Bands who are absolute nightmares when on tour

It's a poorly kept secret that rock stars and their bands don't exactly view themselves as normal people. To paraphrase Christopher Walken: Sure, they put their pants on one leg at a time just like the rest of us, but once their pants are on they make hit records, rock auditoriums full of people, and dodge mountains of groupies who are all trying to get their pants off again. Just imagine being on tour: Everybody allowed to come into contact with you is there to cater to your every whim, thousands of people show up every night in different cities just to hear you rock, and you get paid obscene amounts of money for this. You could be the Dalai Lama, and that would still go to your head.

This is why, every time one of these artists have come to town, you can bet there was a healthy contingent of people — police, security guards, stagehands, etc. — who hoped against hope that that fleet of tour buses would just rumble on by. Many of them are older acts who engaged in the fine, sadly lost art of trashing hotel rooms, some place insane demands upon the venues and cities lucky enough to be blessed by their presence, and some can't seem to quit antagonizing their own fans — but all of these bands are absolute freaking nightmares on the road.

Lizard King wants to show you his Lizard Prince

The Doors were the dictionary definition of a legendary band, and lead singer Jim Morrison was the prototypical rock god — but if you caught them live, you never knew exactly what you were going to get. Morrison could be an intensely charismatic and borderline otherworldly stage presence, but he could also be a complete drunken madman prone to the type of jaw-droppingly inappropriate behavior that sounds like urban legend but somehow is not. Forgetting the lyrics to his own songs in an alcoholic haze was just the tip of the iceberg, and every time he made the news for some insane reason, he seemed to be trying to top himself.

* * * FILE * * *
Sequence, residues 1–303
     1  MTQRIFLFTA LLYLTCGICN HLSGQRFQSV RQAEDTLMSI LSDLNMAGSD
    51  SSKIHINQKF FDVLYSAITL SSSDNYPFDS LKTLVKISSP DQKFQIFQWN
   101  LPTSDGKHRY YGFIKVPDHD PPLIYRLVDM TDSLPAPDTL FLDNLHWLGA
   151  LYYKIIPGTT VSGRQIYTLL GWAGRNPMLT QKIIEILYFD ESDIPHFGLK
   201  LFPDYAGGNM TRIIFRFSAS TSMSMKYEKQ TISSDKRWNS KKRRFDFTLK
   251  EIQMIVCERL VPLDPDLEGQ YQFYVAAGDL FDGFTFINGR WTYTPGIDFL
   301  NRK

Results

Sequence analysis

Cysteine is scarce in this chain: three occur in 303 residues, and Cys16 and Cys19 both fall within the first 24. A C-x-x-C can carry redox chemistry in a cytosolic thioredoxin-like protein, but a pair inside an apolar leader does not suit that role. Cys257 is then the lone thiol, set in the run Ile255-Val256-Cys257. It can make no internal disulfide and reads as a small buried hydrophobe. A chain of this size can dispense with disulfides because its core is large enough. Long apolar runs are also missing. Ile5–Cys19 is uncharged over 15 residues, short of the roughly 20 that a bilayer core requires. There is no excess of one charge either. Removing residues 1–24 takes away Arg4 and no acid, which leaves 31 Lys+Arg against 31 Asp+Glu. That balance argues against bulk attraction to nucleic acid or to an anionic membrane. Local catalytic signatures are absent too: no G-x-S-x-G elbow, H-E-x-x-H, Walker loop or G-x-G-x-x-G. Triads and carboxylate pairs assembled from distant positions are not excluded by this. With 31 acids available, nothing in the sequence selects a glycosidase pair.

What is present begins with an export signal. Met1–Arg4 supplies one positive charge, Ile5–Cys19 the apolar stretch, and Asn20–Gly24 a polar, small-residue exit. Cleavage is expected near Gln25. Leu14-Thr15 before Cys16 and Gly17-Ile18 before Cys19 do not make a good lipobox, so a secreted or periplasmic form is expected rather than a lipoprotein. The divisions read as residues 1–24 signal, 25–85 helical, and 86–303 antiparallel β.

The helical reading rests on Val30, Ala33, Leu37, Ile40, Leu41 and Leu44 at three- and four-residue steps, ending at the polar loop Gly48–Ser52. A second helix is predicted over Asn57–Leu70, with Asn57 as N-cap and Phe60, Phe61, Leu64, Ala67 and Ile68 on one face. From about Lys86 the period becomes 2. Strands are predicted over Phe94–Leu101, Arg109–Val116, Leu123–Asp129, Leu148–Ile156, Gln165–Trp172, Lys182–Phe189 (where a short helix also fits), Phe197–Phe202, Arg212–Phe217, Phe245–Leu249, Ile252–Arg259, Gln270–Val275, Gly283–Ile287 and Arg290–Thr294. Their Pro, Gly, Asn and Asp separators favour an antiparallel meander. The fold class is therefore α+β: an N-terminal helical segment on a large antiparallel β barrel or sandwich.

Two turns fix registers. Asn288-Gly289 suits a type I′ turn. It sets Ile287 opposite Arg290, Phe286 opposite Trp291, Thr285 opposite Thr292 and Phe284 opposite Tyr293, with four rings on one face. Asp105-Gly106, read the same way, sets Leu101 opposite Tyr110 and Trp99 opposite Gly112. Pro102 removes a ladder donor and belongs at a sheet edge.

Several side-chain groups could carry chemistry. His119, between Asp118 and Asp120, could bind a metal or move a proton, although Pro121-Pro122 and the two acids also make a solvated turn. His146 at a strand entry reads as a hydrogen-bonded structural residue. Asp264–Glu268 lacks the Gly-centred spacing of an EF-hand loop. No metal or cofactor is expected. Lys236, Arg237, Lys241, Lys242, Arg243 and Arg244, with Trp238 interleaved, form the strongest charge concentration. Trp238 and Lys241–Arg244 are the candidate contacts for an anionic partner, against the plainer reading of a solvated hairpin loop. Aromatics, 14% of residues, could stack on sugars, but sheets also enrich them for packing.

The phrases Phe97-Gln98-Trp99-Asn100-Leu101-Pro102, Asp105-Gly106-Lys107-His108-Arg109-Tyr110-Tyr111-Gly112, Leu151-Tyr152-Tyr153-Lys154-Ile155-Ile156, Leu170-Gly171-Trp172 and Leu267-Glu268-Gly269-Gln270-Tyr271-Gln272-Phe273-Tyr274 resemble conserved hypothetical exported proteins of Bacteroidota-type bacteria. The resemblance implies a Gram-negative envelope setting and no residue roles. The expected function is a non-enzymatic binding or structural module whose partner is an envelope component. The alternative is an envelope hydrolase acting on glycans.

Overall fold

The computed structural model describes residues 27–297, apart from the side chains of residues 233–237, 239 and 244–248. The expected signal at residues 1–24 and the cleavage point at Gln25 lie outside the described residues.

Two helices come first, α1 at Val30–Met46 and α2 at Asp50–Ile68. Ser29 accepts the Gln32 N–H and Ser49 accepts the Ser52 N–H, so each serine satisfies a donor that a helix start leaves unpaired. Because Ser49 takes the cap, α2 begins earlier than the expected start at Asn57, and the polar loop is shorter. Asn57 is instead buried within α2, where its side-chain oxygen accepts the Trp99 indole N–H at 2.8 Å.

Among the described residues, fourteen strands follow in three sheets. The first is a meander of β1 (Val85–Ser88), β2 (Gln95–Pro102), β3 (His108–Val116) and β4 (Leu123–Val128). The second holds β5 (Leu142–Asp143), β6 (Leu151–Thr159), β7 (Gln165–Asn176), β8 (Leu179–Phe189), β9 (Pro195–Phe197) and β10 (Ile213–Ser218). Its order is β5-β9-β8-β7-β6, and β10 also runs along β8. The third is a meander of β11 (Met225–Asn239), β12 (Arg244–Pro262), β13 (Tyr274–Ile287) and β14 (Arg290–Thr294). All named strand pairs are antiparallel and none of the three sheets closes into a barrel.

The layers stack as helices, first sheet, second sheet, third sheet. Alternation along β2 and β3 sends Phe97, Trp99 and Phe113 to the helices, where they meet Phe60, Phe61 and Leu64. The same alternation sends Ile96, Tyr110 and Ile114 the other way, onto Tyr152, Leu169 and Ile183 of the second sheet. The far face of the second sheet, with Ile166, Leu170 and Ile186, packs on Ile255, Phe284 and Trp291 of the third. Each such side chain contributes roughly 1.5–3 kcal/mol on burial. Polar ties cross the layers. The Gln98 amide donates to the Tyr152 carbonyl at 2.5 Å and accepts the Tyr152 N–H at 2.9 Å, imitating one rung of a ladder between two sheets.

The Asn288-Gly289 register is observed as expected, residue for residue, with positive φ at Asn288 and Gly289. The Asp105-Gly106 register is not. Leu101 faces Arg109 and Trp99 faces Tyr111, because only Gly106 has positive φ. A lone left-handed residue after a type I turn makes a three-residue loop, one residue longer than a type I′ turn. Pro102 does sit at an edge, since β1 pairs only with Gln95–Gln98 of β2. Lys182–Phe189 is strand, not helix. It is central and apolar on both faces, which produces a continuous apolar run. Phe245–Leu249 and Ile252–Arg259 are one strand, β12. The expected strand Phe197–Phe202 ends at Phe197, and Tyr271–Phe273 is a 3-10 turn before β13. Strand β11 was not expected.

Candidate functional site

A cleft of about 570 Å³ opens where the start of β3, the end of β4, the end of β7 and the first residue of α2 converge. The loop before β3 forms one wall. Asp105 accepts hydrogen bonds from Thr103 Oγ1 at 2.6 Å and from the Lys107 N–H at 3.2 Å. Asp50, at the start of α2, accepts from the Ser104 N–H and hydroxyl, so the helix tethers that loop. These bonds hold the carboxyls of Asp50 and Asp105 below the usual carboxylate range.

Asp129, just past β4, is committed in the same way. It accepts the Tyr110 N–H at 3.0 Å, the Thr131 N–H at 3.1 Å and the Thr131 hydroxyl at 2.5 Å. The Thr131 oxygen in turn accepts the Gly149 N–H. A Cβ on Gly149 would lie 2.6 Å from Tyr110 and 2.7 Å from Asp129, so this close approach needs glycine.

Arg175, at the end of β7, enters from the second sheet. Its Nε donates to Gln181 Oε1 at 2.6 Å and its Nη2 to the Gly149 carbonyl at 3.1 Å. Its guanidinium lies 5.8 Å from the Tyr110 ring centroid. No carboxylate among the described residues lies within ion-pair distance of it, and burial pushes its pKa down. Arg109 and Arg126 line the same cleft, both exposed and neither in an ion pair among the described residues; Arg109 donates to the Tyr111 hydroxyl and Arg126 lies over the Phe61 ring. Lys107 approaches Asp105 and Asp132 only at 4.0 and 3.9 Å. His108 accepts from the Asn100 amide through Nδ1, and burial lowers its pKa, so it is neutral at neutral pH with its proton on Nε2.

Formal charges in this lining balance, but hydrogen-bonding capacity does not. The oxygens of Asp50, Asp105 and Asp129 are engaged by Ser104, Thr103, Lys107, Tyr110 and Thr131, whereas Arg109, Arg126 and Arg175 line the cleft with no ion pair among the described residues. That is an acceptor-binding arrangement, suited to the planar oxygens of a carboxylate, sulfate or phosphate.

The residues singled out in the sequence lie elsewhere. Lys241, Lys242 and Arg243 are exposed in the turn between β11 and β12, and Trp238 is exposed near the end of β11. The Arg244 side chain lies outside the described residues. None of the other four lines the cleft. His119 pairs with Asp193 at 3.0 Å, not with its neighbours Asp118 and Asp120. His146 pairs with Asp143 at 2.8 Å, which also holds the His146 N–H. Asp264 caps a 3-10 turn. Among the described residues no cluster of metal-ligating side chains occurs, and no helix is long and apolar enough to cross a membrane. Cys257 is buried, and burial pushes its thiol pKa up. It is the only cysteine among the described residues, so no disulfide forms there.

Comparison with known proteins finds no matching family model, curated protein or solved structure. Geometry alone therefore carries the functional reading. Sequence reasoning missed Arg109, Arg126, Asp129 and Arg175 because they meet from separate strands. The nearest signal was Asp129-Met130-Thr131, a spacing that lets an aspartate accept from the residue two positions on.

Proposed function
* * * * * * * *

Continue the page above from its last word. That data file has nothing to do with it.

For example, during a 1967 show, a cop who failed to recognize Morrison (who was making out with a groupie at the time) maced the singer after he refused to vacate the area. Morrison recovered in time to take the stage — where he decided to forgo performing in favor of a profane rant against the police, which got him arrested. Then there was the time in 1969 he allegedly exposed himself onstage to earn another trip to the slammer, or that other time in 1970 when a lamb somehow ended up onstage, prompting Morrison to exclaim he'd sure like to have sex with it. These are far from the only examples, but you signed up for a short, entertaining article, not a 10,000-word treatise.

Airplane crashes and burns

Even if you prefer new music to classic rock, you'd have to admit these older bands could really teach these young whippersnappers a thing or two about partying so hard that everything gets weird and possibly illegal. Take Jefferson Airplane, whose lead singer Grace Slick was a boozy force of nature (a. boozicane?) rivaled only by her onetime boyfriend Jim Morrison for sheer volume of consumption and subsequent extreme awkwardness. When she wasn't wantonly humping anything in her path — "I pretty much nailed anybody that was handy" — she was boozing, attempting to perform while boozing even more, or getting arrested for booze.